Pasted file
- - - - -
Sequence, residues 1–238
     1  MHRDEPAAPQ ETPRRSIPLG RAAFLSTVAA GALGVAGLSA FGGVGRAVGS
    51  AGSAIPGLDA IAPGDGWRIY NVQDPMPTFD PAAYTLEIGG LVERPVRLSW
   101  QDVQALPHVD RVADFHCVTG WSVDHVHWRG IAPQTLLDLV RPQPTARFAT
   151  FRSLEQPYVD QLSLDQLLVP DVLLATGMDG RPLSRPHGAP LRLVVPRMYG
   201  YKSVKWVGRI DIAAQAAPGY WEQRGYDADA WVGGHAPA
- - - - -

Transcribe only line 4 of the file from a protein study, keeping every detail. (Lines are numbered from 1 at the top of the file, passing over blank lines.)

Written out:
   101  QDVQALPHVD RVADFHCVTG WSVDHVHWRG IAPQTLLDLV RPQPTARFAT